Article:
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What Is Digital Literacy and Why It Needs to Be Your Big Concern

Today, terms like remote work, videoconference, remote access, or tools like Zoom, Trello, or Slack are known by more people than ever. The current situation with the Covid-19 forced people to learn about many digital subjects.

@beatriceong via Twenty20

Recently, I did an exercise called Look Back to Look Forward. This technique was developed by the Institute For The Future and allows us to deconstruct the beliefs and visions that make us have a limited view of the future.

When we try to think about the future or answer the question “Where do you see yourself in 5 years?”, the visions we have and answers we give are based on things that happened to us. After all, there is no data about the future; we use the data from our past and the present.

I had already applied this technique in other exercises during my study of Futures Thinking. But during this Covid-19 phase, I found it very interesting to do it again.

A month ago, the references we had about the past were drastically different from those we have today. Few events in the modern era have shaped us as much as this pandemic. As many says, there will be a world before and a world after Covid-19. I think it will be an “I” before and an “I” after Covid-19.

The working population had to act fast and adapt quickly

Today, terms like remote work, videoconference, remote access, or tools like Zoom, Trello, or Slack are known by more people than ever. The current situation with the Covid-19 forced people to learn about many digital subjects.

When I started studying Futures Thinking, I focused my work on the topics of Adaptability and the Future of Work. As a remote worker since 2015, remote work is something that I know well.

But I do not try to evangelize all people and companies. I am focusing on trying to show how important it is for all businesses to have remote policies. They do not need to be 100% remote, but I think all companies must be prepared and open to remote work.

However, the implementation of remote work needs to be prepared to be successful. The businesses need to have internal processes that make it possible to have workers that want to work remotely. It is essential to have all the workforce prepared to understand this dynamic.

If people do not understand the digital tools and the technology involved in remote work, it will be challenging to work like this and achieve the results and goals fixed. The companies need to work on an increasing and development of the digital literacy of their workers.

What is digital literacy?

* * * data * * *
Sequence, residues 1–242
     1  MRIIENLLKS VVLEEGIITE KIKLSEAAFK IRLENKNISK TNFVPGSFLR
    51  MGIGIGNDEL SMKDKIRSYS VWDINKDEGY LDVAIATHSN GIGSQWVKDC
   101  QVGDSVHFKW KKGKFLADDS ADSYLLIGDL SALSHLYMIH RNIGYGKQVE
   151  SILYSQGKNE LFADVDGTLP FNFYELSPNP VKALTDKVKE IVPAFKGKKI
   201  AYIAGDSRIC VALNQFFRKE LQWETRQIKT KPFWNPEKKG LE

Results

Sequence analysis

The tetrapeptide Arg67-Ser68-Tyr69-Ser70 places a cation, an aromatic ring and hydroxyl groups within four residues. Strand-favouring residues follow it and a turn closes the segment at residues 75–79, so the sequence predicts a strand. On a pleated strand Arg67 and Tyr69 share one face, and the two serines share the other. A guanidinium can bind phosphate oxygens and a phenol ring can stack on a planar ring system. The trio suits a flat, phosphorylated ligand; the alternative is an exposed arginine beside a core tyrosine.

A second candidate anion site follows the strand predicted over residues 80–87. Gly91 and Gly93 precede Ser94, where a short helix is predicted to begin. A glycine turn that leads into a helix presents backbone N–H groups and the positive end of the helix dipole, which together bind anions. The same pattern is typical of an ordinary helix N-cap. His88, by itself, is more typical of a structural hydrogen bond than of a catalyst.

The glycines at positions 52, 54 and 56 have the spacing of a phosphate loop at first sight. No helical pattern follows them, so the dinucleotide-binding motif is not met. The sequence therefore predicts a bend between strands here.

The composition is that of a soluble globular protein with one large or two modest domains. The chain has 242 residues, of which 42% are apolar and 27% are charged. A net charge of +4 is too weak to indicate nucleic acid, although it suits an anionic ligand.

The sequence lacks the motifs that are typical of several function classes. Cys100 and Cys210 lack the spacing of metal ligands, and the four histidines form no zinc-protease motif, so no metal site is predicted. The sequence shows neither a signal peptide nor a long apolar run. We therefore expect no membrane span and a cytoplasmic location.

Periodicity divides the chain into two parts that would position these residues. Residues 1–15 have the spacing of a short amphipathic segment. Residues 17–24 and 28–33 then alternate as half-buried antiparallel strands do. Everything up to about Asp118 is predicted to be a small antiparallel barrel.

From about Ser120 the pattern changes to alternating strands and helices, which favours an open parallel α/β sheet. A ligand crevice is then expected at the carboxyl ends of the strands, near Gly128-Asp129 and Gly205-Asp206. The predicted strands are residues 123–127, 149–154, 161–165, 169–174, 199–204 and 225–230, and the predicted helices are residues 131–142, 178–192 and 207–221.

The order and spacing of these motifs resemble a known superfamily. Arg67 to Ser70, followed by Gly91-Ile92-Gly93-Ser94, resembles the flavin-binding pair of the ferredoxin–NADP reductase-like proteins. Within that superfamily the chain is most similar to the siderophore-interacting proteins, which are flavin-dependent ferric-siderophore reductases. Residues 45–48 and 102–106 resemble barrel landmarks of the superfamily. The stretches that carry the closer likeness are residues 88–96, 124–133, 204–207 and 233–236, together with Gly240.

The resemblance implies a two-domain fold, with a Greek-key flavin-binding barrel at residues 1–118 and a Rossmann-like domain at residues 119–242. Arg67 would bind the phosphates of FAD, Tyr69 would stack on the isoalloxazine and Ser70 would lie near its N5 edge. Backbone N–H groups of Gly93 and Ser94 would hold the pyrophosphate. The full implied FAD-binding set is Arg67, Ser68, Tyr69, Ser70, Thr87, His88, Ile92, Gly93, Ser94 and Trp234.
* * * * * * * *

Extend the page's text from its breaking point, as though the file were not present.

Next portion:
By digital literacy, we are not just talking about “knowing how to open Slack and being able to access the office network remotely by VPN”. It is not (only) that.

Digital literacy skills include:

  • Critical thinking
  • Responsible digital communication (netiquette)
  • Safe use of technology
  • Agility in searching, investigating and check information and data
  • Understanding of digital culture
  • Collaborative behavior and creative thinking

We can organize these skills in five major areas:

  • Information
  • Communication
  • Content Creation
  • Safety
  • Problem-solving

The lack of digital literacy is an indicator of social exclusion¹. Who doesn’t know how to use, behave, understand, and adapt to digital it will be left behind.

To have a better society with people that can quickly adapt to all scenarios, we need to develop a stronger digital literacy.

The schools and the education system need to focus on teaching these skills. And the companies and businesses need to invest in training, so they can have professionals adapted to the future — whatever it is.

The coronavirus forced professionals, companies, schools, teachers, and students to use digital tools overnight. Today we should try to do what works, as best as we can, with the resources that we have. But we can think about the future and what we are learning from this pandemic.

We can have an active role not only in increasing our digital literacy but also help others to learn and spread their technological knowledge.

Technology is what allows us today to adapt to a pandemic or urgent situation. But if we want to make it an even bigger and better ally in future circumstances, it is essential to understand it more broadly.

. . .

[1] Digital exclusion & social exclusion “(…) many people face a complex mix of barriers to accessing the Internet, and are likely to be facing a range of other challenges in their social and economic lives.” https://report.digitaldivides.nz/digital-exclusion-social-exclusion

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